Miliband’s bacon sandwich is now so infamous that I need offer no explanation for the event other than those words. There is an entire Wikipedia page dedicated to the photograph of Ed, lips curled and eyes rolling, as he tucks into that fateful sarnie. Yet politicians frequently bite off more than they can chew – why did Ed’s mishap inspire multiple headlines and an entire front page of The Sun?

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“The momentum got behind the bacon sandwich story because he was awkward, it showed him in a light which was true - he was an awkward candidate in that election,” says Paul Baines, a professor of political marketing at Cranfield University. “He didn’t come across right.”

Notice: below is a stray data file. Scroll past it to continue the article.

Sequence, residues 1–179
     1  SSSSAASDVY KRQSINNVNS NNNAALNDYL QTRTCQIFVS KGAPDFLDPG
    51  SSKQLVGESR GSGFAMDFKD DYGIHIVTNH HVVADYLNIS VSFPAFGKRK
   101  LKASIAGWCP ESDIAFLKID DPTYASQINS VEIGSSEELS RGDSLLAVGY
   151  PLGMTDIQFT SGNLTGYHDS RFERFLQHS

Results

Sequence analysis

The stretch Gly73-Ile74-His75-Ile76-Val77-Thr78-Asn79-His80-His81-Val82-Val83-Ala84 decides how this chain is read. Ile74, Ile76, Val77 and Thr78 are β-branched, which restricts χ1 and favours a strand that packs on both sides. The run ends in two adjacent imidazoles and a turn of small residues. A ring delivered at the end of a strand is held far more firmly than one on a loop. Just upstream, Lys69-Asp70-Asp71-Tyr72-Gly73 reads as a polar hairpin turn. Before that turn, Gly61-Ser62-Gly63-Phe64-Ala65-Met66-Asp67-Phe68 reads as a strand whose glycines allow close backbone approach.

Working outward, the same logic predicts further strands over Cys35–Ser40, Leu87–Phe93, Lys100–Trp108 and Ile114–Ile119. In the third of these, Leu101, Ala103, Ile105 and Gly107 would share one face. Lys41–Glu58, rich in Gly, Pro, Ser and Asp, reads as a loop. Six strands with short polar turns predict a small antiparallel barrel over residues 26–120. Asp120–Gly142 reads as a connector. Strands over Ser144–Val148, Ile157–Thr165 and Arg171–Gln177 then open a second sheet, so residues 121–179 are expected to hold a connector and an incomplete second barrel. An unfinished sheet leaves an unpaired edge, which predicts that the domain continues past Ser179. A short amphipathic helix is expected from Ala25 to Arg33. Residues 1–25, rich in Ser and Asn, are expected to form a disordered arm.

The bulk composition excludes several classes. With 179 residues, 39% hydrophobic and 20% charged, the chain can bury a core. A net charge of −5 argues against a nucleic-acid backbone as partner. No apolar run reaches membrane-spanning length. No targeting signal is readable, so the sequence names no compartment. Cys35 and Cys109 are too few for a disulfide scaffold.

The photograph of Miliband fit neatly within a pre-existing image of the politician – that he was bumbling, incompetent, and unable to take control. Similarly, when David Cameron was pictured eating a hot dog with a knife and fork months later, the story reinforced popular notions of him as a posh, out-of-touch, champagne-swilling old Etonian. Though Oxford-educated, two-kitchen Miliband is nearly as privileged as Cameron, and Brexit-inducing Dave equally as incompetent as Ed, the pictures would not gain the same popularity in reverse. There are many, many less-than-flattering pictures of Cameron eating, but they didn’t fit into a workable narrative.